It seems to be an annual tradition for the college football offseason. Now that we have spring football behind us and we are counting down the days until the kicking off of the summer media day extravaganza, the toes are dipping in the realignment rumor pool yet again. This time we are discussing the possibility that Notre Dame may be having conversations with the ACC to join as a full-time conference member and abandon football independence.
With ACC spring meetings on deck, a conversation about Notre Dame exploring the option of joining the ACC as a full-league member was given a spark by comments by FOX Sports broadcaster Tim Brando in a radio interview in Louisville, which was shared on Twitter the other day and continues to be spotlighted on Monday.
Notre Dame has stood by its desire to remain a football independent for decades and continues to hold a seat at the adult table of collegiate athletics without a conference affiliation in football in large part because of its history. If the selling point to lure Notre Dame into a conference affiliation is access to the College Football Playoff, it may not be enough to change the minds of those in power in South Bend. Notre Dame retains a solid chance to make the playoff under the current four-team model as long as they have a record worth considering for playoff inclusion like a 12-0 record or an 11-1 record. There is very likely no chance an undefeated Irish would be left out of a four-team playoff, and it would stand to reason an 11-1 Notre Dame would have an excellent chance to be included in the College Football Playoff. They most certainly be in the conversation as a playoff candidate at the very least, with too many unknown variables to the playoff equation to be determined in each of the power conferences.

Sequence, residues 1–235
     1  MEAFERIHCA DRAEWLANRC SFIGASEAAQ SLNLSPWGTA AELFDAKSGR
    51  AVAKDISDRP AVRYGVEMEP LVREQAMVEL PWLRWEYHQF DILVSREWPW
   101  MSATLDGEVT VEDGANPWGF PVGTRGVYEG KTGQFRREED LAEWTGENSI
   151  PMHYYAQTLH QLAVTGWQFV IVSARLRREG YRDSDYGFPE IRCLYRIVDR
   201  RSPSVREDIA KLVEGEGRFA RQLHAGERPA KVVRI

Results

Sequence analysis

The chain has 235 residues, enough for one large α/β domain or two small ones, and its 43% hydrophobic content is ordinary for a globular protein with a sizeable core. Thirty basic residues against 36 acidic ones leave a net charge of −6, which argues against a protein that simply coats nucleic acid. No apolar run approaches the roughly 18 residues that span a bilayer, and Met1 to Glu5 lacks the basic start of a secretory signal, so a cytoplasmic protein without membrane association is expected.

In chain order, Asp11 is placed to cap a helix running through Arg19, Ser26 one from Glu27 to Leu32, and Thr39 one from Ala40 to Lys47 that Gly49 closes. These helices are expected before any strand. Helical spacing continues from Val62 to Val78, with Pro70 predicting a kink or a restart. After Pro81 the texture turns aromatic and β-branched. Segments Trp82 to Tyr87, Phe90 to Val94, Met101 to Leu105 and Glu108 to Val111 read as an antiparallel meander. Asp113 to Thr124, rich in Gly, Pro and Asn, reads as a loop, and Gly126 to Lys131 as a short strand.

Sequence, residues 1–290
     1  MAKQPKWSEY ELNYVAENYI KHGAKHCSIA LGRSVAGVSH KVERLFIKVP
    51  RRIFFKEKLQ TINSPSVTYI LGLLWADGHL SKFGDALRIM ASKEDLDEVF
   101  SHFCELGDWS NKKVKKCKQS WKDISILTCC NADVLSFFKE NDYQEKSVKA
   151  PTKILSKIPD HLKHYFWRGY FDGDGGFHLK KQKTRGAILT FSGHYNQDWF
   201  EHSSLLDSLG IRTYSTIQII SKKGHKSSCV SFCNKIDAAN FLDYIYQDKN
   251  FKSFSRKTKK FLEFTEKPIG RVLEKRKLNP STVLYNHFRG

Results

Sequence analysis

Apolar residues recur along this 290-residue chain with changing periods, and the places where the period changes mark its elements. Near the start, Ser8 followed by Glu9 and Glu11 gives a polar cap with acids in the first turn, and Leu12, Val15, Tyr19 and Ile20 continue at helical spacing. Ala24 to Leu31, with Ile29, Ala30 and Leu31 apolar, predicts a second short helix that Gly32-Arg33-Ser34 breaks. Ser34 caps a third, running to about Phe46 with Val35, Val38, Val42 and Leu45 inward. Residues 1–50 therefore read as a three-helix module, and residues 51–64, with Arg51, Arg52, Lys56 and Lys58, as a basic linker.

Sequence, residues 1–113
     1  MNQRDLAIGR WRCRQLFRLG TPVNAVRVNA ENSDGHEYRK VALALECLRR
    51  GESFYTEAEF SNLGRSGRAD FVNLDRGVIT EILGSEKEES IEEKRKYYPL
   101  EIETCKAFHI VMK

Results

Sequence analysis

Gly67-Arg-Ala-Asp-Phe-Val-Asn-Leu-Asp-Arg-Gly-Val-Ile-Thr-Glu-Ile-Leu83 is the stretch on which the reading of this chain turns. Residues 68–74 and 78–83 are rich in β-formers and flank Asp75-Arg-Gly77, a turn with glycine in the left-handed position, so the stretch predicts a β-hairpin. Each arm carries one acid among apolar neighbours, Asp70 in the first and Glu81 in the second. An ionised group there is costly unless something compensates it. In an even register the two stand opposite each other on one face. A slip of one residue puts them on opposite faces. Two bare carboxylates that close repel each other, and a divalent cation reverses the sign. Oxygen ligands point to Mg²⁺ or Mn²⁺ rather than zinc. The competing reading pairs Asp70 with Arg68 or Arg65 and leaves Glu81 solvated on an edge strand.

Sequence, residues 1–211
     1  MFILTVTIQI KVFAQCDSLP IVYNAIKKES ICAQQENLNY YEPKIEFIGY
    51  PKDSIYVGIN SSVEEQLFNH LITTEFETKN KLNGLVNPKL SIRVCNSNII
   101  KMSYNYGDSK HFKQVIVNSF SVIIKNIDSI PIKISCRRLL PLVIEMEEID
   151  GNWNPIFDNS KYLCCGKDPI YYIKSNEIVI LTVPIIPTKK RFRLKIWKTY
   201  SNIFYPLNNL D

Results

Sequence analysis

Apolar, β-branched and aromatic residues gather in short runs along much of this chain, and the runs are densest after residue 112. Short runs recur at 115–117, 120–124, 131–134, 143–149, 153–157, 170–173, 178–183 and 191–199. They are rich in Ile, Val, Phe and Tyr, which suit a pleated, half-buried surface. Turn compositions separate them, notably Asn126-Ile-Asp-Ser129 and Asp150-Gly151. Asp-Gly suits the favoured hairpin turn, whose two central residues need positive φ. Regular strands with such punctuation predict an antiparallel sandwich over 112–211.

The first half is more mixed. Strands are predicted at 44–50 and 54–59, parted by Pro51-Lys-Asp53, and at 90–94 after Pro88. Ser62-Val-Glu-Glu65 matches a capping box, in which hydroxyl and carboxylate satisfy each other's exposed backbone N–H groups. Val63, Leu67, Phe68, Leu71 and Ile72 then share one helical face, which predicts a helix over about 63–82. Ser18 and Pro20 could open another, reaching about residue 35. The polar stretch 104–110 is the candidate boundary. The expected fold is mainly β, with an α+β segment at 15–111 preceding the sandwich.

Even if and when the College Football Playoff expands to eight teams (or more?), an independent Irish would likely have a good chance to be considered for a spot if the record is worthy. Automatic bids for conference champions could alter the outlook a bit, but once again, a 12 or 11-win Notre Dame team being left out of a playoff field with eight spots overall feels unlikely in the great majority of the scenarios on the table.
Notre Dame joining a conference may happen some day, but the Irish have gone this long without being in a football conference and has shown no inkling of a desire to to abandon its football independence. Money tends to be the great motivator though, and if the ACC can convince Notre Dame the move to full membership is worth it, then the door should always remain open.
The ACC and Notre Dame recently announced future matchups through 2037 as part of the football partnership the conference has with the Irish, who are ACC members in nearly all other sports. Maybe by 2037, the ACC will have convinced Notre Dame to join. Or not.
It’s become a theory among some in the media that Butch Jones is conducting a social experiment or participating some sort of performance art. While that’s the more charitable and fun interpretation, I tend to think the Tennessee head coach is just frighteningly insecure and, thus, fighting for every inch of public approval he can in a likely doomed attempt to keep his job.
That approach has backed him into some verbal corners that, in the long run, make his job more difficult on himself.
I’m talking about the “Champions of Life” quote of last season or, in February, actually stating that he didn’t want 5-star players, he wanted 5-star hearts.
This season has seen Jones go on an odd rant blaming the media for negative recruiting and saying Tennessee had one of the best bye weeks ever last week.